Producers Barbara Broccoli and Michael G. Wilson Photo / Mark O’Connell

Massive congratulations to producers Barbara Broccoli and Michael G. Wilson for being awarded 2024’s Irving G. Thalberg Award by the Academy of Motion Pictures, Arts and Sciences.

Known as ‘The Producer’s Award, this Oscar will mean a great deal to Bond’s production captains. Their father Albert R. Broccoli received the same honour back in 1982 and it represented a very personal and landmark moment for him and the EON family. Barbara Broccoli is only the second woman (after Kathleen Kennedy) to receive the Thalberg in its very long, prestigious, and intermittent history.

When it comes to cinema and the arts, there are not many independent production companies that are still both companies and independent. There are very few production companies that maintain their family-run traits and control. There are even fewer movie franchises that surpass sixty continual years and twenty-five films with maybe not the original captains, but the founding ship’s wheel.

Yet, since 1961 London-based EON Productions and its second generation of captains Michael G. Wilson and Barbara Broccoli have done just that. Both have now been in the Bond game longer since their father, Cubby Broccoli. Just as Bond was presumed tired in the water, they rejuvenate the franchise, win Academy Awards and box-office prowess, stand firm during a pandemic and have the crosshairs of every news publication in the world focused on who might be the next James Bond 007.

In the years since Barbara Broccoli and Michael G. Wilson returned Bond to the pop-culture psyche with 1995’s GoldenEye, they have also nurtured, supported and spotted a series of movies underlining a sense of story, a sense of a director’s voice, a sense of a female cinematic voice and an independent spirit that does not always have box-office gamechanger on its agenda. The Silent Storm (2014), Radiator (2014), Nancy (2018), Film Stars Don’t Die in Liverpool (2017), The Rhythm Section (2020), Ear for Eye (2021) and Till (2022) are all female stories often directed by women with Barbara Broccoli and EON taking a willful stance to bring more than just guns, Astons and Bond’s machismo to our movie screens. As Thalberg himself was famous for, they have kept an eye on younger talent, produce outside the box and quietly support, nourish and maintain more than just cinema attendances.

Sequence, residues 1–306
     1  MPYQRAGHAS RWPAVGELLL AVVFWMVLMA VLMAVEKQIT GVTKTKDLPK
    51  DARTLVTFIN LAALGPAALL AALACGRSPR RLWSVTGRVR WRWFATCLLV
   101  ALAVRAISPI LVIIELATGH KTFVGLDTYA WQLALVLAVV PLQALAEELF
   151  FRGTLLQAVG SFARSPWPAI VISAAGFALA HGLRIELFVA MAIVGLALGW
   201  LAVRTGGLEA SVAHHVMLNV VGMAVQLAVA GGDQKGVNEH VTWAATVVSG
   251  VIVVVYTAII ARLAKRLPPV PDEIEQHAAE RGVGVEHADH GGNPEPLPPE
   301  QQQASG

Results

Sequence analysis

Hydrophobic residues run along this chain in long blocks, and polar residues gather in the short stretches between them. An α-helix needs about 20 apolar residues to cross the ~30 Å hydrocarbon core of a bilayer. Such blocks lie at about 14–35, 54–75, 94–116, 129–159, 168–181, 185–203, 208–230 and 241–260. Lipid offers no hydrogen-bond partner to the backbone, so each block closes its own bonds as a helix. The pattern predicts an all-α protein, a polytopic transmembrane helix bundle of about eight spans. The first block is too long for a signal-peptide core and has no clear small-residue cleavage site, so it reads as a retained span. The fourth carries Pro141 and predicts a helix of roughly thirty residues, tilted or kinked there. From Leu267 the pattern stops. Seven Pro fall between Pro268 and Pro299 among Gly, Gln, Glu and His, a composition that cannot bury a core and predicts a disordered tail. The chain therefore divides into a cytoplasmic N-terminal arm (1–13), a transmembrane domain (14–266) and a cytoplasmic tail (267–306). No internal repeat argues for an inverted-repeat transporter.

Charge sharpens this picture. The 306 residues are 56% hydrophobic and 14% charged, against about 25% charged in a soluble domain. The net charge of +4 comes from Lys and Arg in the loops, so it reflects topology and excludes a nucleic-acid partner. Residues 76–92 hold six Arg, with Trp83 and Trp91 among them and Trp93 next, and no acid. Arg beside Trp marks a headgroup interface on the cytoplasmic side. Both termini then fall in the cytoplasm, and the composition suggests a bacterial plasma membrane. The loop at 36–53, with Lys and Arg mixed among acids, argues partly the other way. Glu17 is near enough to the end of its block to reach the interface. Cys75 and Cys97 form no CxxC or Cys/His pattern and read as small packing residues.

The Thalberg Award is not presented every year. Only when the merit, respect and career momentum dictates it. Just five producers have been awarded the Thalberg Award in since 2000 alone. Previous winners have included Darryl F. Zanuck, Walt Disney, Samuel Goldwyn, George Lucas, Cecil B. DeMille, Stanley Kramer, Alfred Hitchcock, Billy Wilder, Steven Spielberg, Clint Eastwood, Norman Jewison, John Calley, Francis Ford Coppola, Kathleen Kennedy and Frank Marshall.

Irving Thalberg was a dynamic, loved, prolific and instinctual American film producer. Born with a heart disease that foretold he would not last long into his thirties, he defied the clinicians and Hollywood itself. He helped set up what became MGM (a studio close to the 007 history). He was made head of MGM at twenty-six in 1925, produced over four hundred films, co-authored the game-changing Production Code, and launched the careers of the golden mainstays of the classical Hollywood system. Producer Darryl F. Zanuck described him as ‘the most creative producer in the history of films.’

“The recipients of this year’s Governors Awards have set the bar incredibly high across their remarkable careers, and the Academy’s Board of Governors is thrilled to recognize them with Oscars. The selection of Michael G. Wilson and Barbara Broccoli is a testament to their success as producers of the fan-favorite Bond series and their contribution to the industry’s theatrical landscape.”

Academy President, Janet Yang

At the 54th Academy Awards held on March 29th 1982, founding Bond producer Albert R. Broccoli received the Thalberg from Roger Moore. In his 1998 autobiography When the Snow Melts – The Autobiography of Cubby Broccoli, Cubby describes Thalberg as ‘Hollywood’s wunderkind, a man much respected, admired and feared…Unlike some of the other studio chiefs, he was a refined and polite gentleman, and unquestionably one of the great creative forces in our industry.’ Broccoli remembers how Thalberg died at the viciously cruel age of thirty-seven and how he watched just how the Los Angeles film community honored its best. ‘I stood on Wilshire Boulevard – ‘, he remembers, ‘- and had my first glimpse of how Hollywood saluted its fallen heroes. Around 10,000 people lined the route to the Temple on Wilshire to watch 1,500 mourners file in.’

‘He was as good a role model for an aspiring producer as one could find.’

ALBERT R. BROCCOLI, ‘when the snow melts’ / 1998

The Thalberg meant a great deal to Cubby Broccoli. The fact two of his children rightly receive this new dedication is beyond apt.

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